Complex Historical and Racialized Trauma
Historical trauma refers to trauma that is experienced and held not just in individual bodies, but in whole communities and across generations. This includes but is not limited to racialized trauma caused by policies of colonialization, racism, claims of white superiority, enslavement, trafficking, genocide, and other exploitive practices.
Humans have been physically violent towards one another since the beginning of human civilization. In the middle ages, human torture was a sport that you watched in an arena, and public torture called "punishment" was available in town squares. Humans have continued to perpetuate abuse against one another. Some of these methods are state sanctioned and many are just culturally supported.
Much of current cultural trauma is hidden in plain sight. Examples include the language of sexual violence where the discourse names how many victims who were assaulted and programs focused on prevention of being raped (passive voice) vs. how many people committing acts of sexual violence and stopping people from raping (active voice). Words like "inner city" and "diversity training" (code for non-white and not-like-me) vs. efforts to challenge white segregation and structural white supremacy.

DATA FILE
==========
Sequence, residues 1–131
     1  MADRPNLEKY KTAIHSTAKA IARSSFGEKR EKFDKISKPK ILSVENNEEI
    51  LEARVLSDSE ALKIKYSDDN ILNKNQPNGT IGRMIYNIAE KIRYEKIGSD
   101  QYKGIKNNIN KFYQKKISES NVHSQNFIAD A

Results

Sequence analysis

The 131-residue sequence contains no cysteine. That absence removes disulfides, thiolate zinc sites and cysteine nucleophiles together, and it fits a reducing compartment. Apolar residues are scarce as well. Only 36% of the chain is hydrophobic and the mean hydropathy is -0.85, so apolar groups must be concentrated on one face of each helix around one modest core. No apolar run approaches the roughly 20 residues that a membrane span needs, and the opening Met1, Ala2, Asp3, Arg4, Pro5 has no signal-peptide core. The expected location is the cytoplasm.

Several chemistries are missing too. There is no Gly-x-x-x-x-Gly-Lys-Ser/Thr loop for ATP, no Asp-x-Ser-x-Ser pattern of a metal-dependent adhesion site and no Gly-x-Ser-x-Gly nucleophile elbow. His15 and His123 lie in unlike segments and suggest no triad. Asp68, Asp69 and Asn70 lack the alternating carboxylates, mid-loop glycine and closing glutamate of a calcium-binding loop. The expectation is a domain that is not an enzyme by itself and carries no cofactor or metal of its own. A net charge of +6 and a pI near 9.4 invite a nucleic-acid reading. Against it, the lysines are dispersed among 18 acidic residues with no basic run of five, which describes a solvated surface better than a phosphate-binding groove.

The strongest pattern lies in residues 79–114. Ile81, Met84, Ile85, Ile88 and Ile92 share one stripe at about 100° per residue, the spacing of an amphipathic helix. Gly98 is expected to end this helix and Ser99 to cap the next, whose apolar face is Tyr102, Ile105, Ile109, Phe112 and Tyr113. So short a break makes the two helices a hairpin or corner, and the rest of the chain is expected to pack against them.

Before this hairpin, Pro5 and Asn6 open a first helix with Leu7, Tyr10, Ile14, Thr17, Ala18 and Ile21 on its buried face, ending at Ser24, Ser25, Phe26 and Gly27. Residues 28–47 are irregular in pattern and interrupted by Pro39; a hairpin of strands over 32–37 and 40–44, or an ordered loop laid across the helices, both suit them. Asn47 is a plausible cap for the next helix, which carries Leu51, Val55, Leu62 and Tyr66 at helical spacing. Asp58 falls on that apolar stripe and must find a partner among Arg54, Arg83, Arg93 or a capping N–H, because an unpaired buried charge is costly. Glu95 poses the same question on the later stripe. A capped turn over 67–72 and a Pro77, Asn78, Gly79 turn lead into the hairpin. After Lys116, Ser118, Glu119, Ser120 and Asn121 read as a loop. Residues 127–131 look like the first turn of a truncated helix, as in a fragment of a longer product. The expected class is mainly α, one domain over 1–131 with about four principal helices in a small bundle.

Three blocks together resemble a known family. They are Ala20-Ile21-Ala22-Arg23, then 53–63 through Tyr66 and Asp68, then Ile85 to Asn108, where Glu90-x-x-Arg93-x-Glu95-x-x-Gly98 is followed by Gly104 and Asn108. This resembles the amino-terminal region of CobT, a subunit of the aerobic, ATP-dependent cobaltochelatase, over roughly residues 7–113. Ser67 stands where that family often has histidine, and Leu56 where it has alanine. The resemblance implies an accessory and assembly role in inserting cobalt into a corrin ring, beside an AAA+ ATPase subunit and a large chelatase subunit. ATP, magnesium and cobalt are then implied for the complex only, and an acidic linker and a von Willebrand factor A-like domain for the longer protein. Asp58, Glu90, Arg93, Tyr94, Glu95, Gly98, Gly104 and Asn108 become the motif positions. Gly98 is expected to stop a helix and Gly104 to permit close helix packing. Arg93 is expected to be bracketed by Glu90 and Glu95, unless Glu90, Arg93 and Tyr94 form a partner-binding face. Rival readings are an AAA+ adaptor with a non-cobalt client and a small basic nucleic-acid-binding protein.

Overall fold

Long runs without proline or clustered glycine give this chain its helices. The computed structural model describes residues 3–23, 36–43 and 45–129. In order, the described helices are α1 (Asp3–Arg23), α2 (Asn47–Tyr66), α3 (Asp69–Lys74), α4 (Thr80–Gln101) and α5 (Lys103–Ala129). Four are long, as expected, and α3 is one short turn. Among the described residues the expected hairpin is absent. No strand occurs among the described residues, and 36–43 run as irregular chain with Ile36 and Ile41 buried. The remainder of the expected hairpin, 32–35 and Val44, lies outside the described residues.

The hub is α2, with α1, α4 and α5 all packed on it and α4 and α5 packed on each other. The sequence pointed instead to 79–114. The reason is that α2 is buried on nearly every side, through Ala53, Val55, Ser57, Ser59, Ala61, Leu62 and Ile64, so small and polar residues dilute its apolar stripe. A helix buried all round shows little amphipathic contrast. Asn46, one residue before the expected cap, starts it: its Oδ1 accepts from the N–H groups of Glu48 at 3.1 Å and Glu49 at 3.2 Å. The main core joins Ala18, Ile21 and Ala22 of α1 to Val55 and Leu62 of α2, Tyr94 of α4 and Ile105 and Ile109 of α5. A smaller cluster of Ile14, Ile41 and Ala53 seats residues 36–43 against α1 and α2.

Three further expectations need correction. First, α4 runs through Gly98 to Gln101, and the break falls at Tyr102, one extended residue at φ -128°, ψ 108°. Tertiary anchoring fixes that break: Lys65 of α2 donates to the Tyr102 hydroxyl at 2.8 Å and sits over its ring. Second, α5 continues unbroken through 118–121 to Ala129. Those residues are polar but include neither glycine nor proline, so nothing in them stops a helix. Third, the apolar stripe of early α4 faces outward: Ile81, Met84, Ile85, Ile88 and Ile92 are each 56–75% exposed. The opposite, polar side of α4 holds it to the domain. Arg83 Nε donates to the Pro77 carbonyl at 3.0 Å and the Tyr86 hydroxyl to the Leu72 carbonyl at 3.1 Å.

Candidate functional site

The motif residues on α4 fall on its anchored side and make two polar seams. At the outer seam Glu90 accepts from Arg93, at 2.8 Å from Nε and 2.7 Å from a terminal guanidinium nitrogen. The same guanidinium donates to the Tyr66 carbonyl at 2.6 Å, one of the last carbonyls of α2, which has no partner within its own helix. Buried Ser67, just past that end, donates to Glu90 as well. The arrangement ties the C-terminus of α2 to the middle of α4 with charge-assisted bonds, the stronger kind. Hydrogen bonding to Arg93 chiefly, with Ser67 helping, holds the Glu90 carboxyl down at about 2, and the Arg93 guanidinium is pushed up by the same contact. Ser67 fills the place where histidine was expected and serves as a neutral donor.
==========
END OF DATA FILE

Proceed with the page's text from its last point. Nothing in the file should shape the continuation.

This cultural and historical and racialized trauma is passed down in our stories, cultures, laws and policies. It's not just our thoughts but in our bodies. We literally "embody" that trauma. The field of epigenetics is teaching us that traumatic events show up in our dna with gene receptors being turned on or off and those "settings" get passed along to our offspring.
I am a white-bodied practitioner who is interested in exploring my relationship to historical and collective trauma. If we wish to heal ourselves, our families, our communities and our culture, I believe the path can be found in somatic (meaning of the body) and communal (vs. Individual) healing methods. The more each of us can build our capacity to feel from within our embodied reactions and patterns, the more we can attune to and heal our generational wounds and evolve our humanity.